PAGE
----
LOVELACE v. RPM ECOSYSTEMS ITHACA LLC

Reset A A Font size: Print

Wayne LOVELACE et al., as Assignees of Chemung Canal Trust Company, Appellants–Respondents, v. RPM ECOSYSTEMS ITHACA, LLC, et al., Respondents–Appellants.

Decided: August 06, 2015

Before: PETERS, P.J., LAHTINEN, GARRY and LYNCH, JJ. The Crossmore Law Office, Ithaca (Edward Y. Crossmore of counsel), for appellants-respondents. Miller Mayer, LLP, Ithaca (Adam R. Schaye of counsel), for respondents-appellants.

Cross appeals from an order of the Supreme Court (Rumsey, J.), entered March 17, 2014 in Tompkins County, which, among other things, granted defendants' motion to vacate a default judgment entered against them.

In 2005, plaintiffs, tree farmers based in Missouri, entered into an agreement with defendants Marvin G. Marshall and Patricia J. Marshall to develop and market technology known as the Root Production Method (hereinafter RPM), created to accelerate tree growth. As part of this agreement, plaintiffs agreed to transfer the intellectual property to an entity that, consequently, would then have the exclusive right to issue sub-license agreements to entities that wished to use the RPM technology. The Marshalls agreed to provide capital and guarantee loans to finance the venture and the entities created to commercialize the technology, including defendants RPM Ecosystems Ithaca LLC and RPM Holdings LLC. These two entities defaulted on their loan obligations to Chemung Canal Trust Company (hereinafter CCTC), leading to the commencement of this action. In July 2011, after defendants failed to appear in the action, Supreme Court issued a default judgment in favor of CCTC against RPM Ecosystems and RPM Holdings in the amount of $3,745,355.66 and against the Marshalls in the amount of $3,053,882.21. In July 2012, the judgment was assigned to plaintiffs for an undisclosed sum.1 In September 2012, defendants moved to vacate the default judgment pursuant to CPLR 5015(a)(1) and (4) and CPLR 317, or, alternatively, in the interest of justice. After a traverse hearing, Supreme Court determined that plaintiffs obtained personal jurisdiction over defendants, but vacated the default judgment in the interest of justice. Plaintiffs appeal and defendants cross-appeal, arguing that the entire action should be dismissed for lack of personal jurisdiction.

Based on our review of the transcript of the traverse hearing, and deferring to Supreme Court's credibility assessments (see Matter of DeMeo v. City of Albany, 63 AD3d 1272, 1272 [2009] ), we agree with the court's determination that plaintiffs proved by a preponderance of the evidence that personal jurisdiction was acquired over both of the Marshalls (see TD Banknorth, N.A. v. Olsen, 112 AD3d 1169, 1171 [2013] ). Having found that plaintiffs obtained personal jurisdiction over the Marshalls, we turn to the court's determination to vacate the default judgment. In addition to the grounds set forth in CPLR 5015(a), which are not exclusive, Supreme Court had “inherent discretionary power” to vacate its judgment “for sufficient reason and in the interest[ ] of substantial justice” (Woodson v. Mendon Leasing Corp., 100 N.Y.2d 62, 68 [2003]; accord Gurin v. Pogge, 112 AD3d 1028, 1030 [2013]; see Borst v. International Paper Co., 121 AD3d 1343, 1349 [2014]; Matter of Culberson, 11 AD3d 859, 861 [2004] ). “[T]he decision to vacate a default judgment lies within the discretion of the trial court and should not be disturbed unless it reflects an improvident exercise of discretion” (Gurin v. Pogge, 112 AD3d at 1030 [internal quotation marks, ellipses, brackets and citation omitted]; see Woodson v. Mendon Leasing Corp ., 100 N.Y.2d at 68).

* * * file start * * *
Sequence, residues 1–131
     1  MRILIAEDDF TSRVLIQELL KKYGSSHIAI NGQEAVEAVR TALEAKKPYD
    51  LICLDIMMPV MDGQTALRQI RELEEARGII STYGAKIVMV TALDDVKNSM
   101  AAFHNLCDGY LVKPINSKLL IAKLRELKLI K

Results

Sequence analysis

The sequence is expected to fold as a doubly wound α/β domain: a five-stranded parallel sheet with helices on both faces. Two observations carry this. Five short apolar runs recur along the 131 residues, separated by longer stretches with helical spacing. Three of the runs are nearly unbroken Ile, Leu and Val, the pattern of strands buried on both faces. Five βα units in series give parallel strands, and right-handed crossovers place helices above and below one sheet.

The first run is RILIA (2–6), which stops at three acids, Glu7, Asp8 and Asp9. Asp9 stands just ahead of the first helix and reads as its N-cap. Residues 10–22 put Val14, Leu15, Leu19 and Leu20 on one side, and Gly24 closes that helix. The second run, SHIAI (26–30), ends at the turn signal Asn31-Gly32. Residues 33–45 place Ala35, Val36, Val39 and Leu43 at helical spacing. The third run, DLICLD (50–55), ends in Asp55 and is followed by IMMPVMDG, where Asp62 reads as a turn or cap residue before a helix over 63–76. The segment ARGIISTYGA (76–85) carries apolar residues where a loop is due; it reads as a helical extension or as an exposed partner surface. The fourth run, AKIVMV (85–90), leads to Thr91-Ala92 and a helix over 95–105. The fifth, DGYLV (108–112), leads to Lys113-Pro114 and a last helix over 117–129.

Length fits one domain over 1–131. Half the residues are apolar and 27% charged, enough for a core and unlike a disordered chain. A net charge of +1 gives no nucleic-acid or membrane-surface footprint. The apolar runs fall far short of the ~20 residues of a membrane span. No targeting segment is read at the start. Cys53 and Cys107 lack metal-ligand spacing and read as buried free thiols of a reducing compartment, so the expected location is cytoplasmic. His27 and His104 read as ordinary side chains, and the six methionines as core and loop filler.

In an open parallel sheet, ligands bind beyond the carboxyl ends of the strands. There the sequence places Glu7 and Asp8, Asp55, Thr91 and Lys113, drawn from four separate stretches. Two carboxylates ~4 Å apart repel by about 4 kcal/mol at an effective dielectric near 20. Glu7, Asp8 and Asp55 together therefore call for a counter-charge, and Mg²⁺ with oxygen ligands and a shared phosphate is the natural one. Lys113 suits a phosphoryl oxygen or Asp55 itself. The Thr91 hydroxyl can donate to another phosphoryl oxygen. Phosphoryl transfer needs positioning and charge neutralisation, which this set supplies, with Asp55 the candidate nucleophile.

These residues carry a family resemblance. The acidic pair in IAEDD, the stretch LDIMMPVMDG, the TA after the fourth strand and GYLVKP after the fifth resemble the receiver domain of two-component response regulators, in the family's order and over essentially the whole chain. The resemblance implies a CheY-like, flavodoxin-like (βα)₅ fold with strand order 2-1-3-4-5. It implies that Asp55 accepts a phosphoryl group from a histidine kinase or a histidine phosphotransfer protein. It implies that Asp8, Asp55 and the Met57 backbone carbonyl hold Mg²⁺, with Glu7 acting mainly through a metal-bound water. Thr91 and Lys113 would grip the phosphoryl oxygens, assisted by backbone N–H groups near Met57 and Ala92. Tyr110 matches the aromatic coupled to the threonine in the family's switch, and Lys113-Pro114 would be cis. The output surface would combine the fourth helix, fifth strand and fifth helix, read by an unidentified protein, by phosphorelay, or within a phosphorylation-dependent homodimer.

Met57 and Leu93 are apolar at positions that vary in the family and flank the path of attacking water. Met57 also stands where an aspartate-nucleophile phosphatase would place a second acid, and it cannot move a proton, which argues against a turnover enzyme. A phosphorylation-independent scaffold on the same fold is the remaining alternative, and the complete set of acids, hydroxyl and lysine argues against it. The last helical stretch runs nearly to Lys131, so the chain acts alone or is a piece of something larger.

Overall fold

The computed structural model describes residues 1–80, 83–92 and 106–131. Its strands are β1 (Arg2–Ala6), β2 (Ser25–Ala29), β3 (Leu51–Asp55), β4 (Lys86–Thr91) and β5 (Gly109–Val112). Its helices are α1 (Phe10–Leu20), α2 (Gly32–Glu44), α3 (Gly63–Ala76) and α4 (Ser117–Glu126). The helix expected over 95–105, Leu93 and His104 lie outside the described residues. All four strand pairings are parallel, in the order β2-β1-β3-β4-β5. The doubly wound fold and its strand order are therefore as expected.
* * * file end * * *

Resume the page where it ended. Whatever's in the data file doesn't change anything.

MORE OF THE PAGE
Here, Supreme Court noted that there were two other actions and an arbitration proceeding pending between the parties.2 In rendering its determination to vacate the default judgment, Supreme Court reasoned that defendants sufficiently demonstrated a “genuine dispute” with regard to whether plaintiffs breached the prior agreement to transfer the intellectual property to allow them to market the RPM. Under the circumstances, and in consideration of the “strong policy preference for resolving issues on the merits” (Gurin v. Pogge, 112 AD3d at 1030; see Bond v. Giebel, 101 AD3d 1340, 1343 [2012], lv dismissed 21 NY3d 884 [2013] ), we find that Supreme Court's determination to vacate the default judgment in the interest of justice was not an abuse of discretion.

The parties' remaining arguments have been considered and, in light of this determination, either need not be addressed or are without merit.

ORDERED that the order is affirmed, without costs.

FOOTNOTES

1.  Supreme Court substituted plaintiffs in this action for CCTC.

2.  We note that plaintiffs did not appeal from that part of Supreme Court's order imposing a blanket stay pending resolution of the Missouri actions and the arbitration or further order of the court, and defendants support a continuation of the stay. As such, the stay remains intact.

LYNCH, J.

PETERS, P.J., LAHTINEN and GARRY, JJ., concur.

Copied to clipboard